6*16 - 10d^2 = 86
so d=+/-1, and k is double that.

Even if you did use the constant term, as in your solution, it would have been better to solve for k as a simple symmetry argument would tell you you'd get a hidden quadratic in k, rather than a full blown quartic in alpha. However, just thinking about the order of the equations youre setting up should tell you its better to use the cubic and quadratic terms as you'd be solving linear and quadratic equations, rather than cubics and quartics. You're almost doomed to find extra solutions (extraneous) using higher powers.

So using a centered sequence with the cubic and quadratic terms (linear and quadratic equations) would be the way to go. For 7 marks your working seems way OTT and you'd still have to verify the (extraneous or not) solutions.

Edit - you might want to think about why when you match the constant term by multiplying the 4 roots, you're "guaranteed" to get an extra solution like this.

Thanks for the advice had forgotten about being able to centre around the roots. The only thing I could think of in getting extraneous solutions in the constant term is from certain roots such as alpha taking the form -alpha and so on since its a quartic having two of the roots taking negatives so
-a , a + k , -a-2k ,a+3k resulting in values of k and alpha that doesn't satisfy the initial roots
Original post by Student 999
Thanks for the advice had forgotten about being able to centre around the roots. The only thing I could think of in getting extraneous solutions in the constant term is from certain roots such as alpha taking the form -alpha and so on since its a quartic having two of the roots taking negatives so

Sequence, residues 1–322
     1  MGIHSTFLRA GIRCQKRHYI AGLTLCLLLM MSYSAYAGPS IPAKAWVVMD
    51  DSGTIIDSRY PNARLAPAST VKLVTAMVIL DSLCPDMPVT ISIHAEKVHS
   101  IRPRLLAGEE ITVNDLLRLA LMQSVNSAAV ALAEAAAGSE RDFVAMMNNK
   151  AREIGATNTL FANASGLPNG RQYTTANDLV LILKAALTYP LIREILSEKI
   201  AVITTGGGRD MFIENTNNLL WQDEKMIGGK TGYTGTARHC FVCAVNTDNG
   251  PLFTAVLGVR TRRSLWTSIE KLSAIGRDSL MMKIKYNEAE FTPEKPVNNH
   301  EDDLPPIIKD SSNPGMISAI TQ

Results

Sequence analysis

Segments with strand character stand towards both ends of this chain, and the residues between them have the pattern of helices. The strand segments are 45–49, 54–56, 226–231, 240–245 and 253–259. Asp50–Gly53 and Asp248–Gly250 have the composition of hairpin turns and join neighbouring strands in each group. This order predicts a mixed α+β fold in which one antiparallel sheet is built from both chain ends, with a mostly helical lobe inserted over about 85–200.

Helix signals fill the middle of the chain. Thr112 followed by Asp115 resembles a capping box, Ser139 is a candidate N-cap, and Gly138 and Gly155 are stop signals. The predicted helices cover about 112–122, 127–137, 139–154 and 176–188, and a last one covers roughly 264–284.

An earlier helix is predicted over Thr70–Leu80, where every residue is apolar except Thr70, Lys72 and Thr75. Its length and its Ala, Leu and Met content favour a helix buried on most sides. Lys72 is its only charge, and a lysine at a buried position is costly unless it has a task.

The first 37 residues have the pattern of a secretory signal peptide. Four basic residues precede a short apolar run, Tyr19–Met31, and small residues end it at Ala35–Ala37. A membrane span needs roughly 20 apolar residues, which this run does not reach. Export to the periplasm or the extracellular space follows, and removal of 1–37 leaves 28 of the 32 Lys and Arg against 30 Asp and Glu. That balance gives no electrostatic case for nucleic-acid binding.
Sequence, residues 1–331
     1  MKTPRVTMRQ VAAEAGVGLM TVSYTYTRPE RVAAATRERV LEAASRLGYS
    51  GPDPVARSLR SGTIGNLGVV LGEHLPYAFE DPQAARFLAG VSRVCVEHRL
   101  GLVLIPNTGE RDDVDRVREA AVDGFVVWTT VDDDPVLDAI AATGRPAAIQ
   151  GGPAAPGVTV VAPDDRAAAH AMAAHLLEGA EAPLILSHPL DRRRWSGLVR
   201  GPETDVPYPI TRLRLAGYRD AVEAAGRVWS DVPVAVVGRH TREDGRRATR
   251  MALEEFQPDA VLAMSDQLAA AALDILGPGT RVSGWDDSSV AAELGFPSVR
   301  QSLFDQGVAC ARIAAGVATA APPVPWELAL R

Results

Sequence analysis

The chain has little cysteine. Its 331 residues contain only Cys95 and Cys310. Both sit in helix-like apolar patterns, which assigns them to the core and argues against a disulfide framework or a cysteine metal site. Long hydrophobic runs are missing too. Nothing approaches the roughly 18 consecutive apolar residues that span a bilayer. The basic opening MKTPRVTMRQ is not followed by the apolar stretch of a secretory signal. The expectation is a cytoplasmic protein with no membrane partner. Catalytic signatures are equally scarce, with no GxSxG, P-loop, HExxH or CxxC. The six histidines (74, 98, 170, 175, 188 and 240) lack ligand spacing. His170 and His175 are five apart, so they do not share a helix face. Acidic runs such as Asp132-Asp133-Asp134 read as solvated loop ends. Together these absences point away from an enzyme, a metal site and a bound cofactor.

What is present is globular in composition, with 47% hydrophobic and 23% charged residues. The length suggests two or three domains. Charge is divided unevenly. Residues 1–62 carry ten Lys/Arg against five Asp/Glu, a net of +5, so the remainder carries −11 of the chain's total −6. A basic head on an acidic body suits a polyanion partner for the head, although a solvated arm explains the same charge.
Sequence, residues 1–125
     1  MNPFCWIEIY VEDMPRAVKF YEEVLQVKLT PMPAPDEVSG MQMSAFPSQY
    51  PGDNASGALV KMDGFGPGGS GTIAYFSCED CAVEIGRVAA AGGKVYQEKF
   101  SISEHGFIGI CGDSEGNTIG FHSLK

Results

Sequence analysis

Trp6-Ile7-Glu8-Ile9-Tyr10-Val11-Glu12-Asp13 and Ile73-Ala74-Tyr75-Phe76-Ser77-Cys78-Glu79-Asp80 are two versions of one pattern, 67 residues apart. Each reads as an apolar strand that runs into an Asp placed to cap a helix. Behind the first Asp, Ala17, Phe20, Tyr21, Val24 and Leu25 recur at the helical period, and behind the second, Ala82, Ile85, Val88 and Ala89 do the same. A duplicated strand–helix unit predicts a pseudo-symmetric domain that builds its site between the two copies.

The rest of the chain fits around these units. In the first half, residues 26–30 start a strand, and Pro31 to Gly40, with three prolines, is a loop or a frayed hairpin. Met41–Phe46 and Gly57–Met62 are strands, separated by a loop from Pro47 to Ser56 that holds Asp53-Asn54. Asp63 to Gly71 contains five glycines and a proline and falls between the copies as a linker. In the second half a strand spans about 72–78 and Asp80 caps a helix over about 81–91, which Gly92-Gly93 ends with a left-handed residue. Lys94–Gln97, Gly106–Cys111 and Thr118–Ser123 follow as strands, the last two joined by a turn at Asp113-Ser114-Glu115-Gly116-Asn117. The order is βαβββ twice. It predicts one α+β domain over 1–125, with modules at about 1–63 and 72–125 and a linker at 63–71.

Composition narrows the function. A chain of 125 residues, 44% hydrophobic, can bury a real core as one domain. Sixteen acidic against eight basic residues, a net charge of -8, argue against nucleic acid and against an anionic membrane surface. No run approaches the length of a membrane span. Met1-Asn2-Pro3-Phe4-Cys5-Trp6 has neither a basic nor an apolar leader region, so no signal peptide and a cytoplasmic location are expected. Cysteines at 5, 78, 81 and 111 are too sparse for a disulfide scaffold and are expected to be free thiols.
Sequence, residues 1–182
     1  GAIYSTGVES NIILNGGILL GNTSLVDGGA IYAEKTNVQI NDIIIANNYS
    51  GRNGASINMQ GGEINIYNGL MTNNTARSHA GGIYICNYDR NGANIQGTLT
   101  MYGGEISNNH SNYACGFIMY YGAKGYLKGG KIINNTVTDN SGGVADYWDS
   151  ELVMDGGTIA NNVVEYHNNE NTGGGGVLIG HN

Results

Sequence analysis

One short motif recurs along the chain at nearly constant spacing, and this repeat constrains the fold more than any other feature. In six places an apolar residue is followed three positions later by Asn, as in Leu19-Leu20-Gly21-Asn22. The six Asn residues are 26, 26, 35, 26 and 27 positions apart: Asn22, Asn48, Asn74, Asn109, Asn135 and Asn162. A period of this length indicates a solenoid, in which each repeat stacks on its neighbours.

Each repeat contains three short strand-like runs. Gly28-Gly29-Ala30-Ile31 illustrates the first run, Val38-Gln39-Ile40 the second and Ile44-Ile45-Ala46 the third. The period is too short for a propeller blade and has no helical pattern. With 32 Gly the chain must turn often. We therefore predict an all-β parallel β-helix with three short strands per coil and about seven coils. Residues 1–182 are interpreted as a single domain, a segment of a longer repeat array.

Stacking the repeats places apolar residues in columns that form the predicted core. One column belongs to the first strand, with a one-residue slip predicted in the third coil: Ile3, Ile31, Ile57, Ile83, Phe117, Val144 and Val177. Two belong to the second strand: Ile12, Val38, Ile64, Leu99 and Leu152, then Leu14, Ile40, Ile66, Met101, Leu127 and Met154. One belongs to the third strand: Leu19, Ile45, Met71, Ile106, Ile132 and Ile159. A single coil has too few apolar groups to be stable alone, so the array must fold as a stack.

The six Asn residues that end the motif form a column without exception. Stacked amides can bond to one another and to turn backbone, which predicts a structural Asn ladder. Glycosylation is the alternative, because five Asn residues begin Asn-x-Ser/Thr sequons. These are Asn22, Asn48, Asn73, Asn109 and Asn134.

-a , a + k , -a-2k ,a+3k resulting in values of k and alpha that doesn't satisfy the initial roots

If you fit the cubic and quadratic terms, then it should be fairly clear that there is a single sequence. The cubic term gives you the mean of the roots and the quadratic term will give two solutions for k or d, but these are +/- so generate the same sequence (four roots)

If you fit the constant term, so the product of the roots, then obviously two of the four solutions for k or d will be the correct ones. To see why you get another pair, think about when k~0. Then the product of the roots is ~256, which is larger than the constant term. As k increases, the smallest root will head towards zero so the product will reduce until its zero when the minimum root is zero. At some point, you'll have passed the value which gives the constant term. In this case, thats the correct solution. However, if you keep increasing k, the minimun root will be negative and so the product will be negative until the second smallest root hits zero. Keep increasing k, then the product will become postive again and start increasing until it its the constant term which gives the second solution for k with two negative and two positive roots. In this case, its an extraneous solution (and its mirror). So for the scenario given above youll always have one pair of extraneous solutions fitting the constant term.